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2 Peter 3:14 - Homilies By J.r. Thomson


Where our versions say, "Be diligent! ' or "Give diligence!" the original says, "Hasten!" Yet our word, implying choice, value, love, seems appropriate as a rendering of the Greek. Let the traveler speed him with diligence on his journey; let the ploughman hasten to furrow all the acres of his field; let the sailor diligently take advantage of every favourable wind, and beat to windward when need be, that he may reach the haven where he fain would be. And let the Christian, in like manner, be diligent in his Christian calling, ministry, and life.


1 . Properly considered, this includes the whole life. There is no department of our lawful activity where negligence, remissness, indolence, are allowable. The boy in his school-work, the woman in her household, the man in his profession,—all are called to diligence.

2 . Diligence is especially important in the achievement of Christian character. E.g., in the study of God's Word, in meditation upon Christ's gospel, in imitating Christ's example, in the use of all the means of grace. It is thus that we hope to realize the noble aim before us, to reach the stature of the perfect man in Christ. Such an aim can only be achieved by assiduity and perseverance.

3 . Diligence should distinguish the efforts put forth to promote the welfare of our fellow-men. In all walks of Christian philanthropy and usefulness there is a loud call for something better than a languid interest or a fitful zeal.

II. THE METHODS OF CHRISTIAN DILIGENCE . Good things are worth seeking, and for the most part are not to be had without seeking. The following may be acted upon as rules justified by practical experience.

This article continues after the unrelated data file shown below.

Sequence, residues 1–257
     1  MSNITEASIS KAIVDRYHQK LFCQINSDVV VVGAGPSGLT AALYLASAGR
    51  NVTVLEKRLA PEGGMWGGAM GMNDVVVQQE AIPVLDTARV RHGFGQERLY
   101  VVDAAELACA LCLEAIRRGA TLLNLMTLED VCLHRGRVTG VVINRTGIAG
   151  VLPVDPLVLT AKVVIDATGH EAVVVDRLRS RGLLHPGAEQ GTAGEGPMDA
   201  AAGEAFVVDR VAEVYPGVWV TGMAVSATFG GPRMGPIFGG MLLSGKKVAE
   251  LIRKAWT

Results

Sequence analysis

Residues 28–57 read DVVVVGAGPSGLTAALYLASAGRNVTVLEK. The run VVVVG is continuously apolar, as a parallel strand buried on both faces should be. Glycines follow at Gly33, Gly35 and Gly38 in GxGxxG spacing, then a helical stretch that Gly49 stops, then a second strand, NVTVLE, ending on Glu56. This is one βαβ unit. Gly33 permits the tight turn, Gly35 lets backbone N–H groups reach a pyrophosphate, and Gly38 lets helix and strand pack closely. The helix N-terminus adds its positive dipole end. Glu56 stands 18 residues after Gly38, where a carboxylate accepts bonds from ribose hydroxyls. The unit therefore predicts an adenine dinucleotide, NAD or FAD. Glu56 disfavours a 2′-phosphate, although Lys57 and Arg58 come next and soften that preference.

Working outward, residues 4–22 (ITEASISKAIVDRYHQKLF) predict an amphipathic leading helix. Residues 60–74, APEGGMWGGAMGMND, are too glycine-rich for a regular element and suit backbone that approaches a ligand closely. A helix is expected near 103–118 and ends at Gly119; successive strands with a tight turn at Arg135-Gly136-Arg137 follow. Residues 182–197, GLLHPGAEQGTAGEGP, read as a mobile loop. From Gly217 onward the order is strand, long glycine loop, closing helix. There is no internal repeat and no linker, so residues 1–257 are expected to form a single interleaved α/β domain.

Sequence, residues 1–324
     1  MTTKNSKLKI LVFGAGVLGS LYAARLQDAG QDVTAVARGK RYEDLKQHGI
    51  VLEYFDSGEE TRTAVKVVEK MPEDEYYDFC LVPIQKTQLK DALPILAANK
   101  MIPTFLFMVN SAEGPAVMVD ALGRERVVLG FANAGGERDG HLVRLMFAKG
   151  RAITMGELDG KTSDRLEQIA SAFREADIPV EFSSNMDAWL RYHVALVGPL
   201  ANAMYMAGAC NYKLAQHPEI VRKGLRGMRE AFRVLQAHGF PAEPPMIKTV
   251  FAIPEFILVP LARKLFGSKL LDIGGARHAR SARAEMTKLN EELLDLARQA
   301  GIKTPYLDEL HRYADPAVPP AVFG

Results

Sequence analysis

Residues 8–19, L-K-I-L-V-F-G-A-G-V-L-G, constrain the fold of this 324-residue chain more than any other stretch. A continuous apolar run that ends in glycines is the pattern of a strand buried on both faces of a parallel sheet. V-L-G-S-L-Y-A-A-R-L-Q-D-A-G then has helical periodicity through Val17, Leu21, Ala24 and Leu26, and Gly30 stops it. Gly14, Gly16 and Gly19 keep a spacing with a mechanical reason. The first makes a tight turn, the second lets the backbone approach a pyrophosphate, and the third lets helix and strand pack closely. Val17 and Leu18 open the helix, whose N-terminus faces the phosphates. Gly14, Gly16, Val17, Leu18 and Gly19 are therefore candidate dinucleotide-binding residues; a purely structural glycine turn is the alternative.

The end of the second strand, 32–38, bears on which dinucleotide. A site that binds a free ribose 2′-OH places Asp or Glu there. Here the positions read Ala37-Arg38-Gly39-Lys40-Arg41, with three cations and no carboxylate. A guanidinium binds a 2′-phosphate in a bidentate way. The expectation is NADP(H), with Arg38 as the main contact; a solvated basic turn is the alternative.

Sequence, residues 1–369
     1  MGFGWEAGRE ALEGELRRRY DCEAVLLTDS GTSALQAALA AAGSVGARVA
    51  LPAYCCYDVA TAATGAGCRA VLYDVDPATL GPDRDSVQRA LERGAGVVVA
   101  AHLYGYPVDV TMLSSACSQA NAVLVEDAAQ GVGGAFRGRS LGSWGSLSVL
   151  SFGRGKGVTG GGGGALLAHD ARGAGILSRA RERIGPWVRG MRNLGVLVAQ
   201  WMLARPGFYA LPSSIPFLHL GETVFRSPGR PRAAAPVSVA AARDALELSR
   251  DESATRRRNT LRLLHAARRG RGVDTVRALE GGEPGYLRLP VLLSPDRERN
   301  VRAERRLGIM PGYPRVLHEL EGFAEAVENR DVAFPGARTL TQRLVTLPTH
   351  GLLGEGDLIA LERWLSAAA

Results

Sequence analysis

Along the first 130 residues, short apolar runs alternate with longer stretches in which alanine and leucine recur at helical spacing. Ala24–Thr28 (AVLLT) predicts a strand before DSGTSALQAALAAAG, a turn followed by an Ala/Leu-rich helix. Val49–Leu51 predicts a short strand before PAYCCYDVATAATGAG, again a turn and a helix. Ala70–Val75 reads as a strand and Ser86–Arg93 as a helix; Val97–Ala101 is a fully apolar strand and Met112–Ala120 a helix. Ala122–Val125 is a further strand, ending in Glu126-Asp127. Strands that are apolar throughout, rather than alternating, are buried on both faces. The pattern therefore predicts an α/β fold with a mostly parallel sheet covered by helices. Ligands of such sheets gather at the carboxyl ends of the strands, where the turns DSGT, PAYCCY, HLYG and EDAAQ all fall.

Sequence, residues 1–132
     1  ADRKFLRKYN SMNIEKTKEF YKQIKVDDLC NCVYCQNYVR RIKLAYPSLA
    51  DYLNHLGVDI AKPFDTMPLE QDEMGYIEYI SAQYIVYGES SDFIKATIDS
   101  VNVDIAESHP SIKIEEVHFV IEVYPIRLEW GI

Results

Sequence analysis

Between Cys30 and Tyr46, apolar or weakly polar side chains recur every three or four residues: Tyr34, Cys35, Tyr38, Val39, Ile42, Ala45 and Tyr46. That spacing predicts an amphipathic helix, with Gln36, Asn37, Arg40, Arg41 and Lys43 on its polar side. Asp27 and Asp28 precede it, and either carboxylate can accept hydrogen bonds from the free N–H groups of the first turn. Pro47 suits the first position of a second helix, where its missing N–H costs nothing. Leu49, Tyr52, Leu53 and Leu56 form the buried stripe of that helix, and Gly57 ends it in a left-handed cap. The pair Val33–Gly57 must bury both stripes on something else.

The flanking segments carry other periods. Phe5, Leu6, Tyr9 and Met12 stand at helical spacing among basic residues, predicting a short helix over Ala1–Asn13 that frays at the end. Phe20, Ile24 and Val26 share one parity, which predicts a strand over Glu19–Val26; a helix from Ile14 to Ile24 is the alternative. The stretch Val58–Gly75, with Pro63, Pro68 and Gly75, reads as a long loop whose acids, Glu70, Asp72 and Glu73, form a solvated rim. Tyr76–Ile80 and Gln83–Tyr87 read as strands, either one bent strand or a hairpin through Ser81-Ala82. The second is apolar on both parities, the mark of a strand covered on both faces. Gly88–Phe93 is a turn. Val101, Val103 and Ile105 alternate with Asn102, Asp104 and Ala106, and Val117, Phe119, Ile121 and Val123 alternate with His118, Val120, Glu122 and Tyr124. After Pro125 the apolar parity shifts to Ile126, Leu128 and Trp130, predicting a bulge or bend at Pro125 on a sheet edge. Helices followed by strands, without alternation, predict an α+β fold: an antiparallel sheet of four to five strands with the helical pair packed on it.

1 . Study the biographies of zealous, successful, useful servants of God.

2 . Ponder the searching and stirring maxims of the wise—especially those recorded in the Book of Proverbs.

3 . Form seriously and deliberately, good resolutions for the conduct of life.

4 . Pray, especially against the besetting sin (if such it be) of sloth.

5 . And with prayer conjoin watchfulness, lest constantly recurring temptation to indolence prevail.


1 . Foremost among these must be placed the influence of Christ's love. What can be a stronger impulse in the mind of a true friend of Jesus than a clear understanding of the Saviour's sacrifice, and a warm response of affection and gratitude evoked by the love, pity, and self-denial of Immanuel? How can a friend of Jesus stand beneath his Master's cross, listen to his Master's dying groan, and then be indifferent and remiss in doing that Master's will?

2 . The wish to resemble Christ will lead to diligence in the service of God. When we remember those words which revealed our Saviour's consecration, "I must work the works of him that sent me;" "How am I straitened until it [the baptism] be accomplished?" when we remember that it is recorded of him that he "had no leisure so much as to eat;"—how can we remain or become supine in the fulfillment of our life-mission?

"Our Master all the work hath done

He asks of us to-day;

Sharing his service, every one

Share too his Sonship may."

3. Be diligent in preparation for Christ's return. He will require an account from every one of his servants—the trustees of his precious gifts. Then shall the diligent, the faithful, be rewarded, and have praise of God. "Whatsoever thy hand findeth to do, do it with thy might."—J.R.T.

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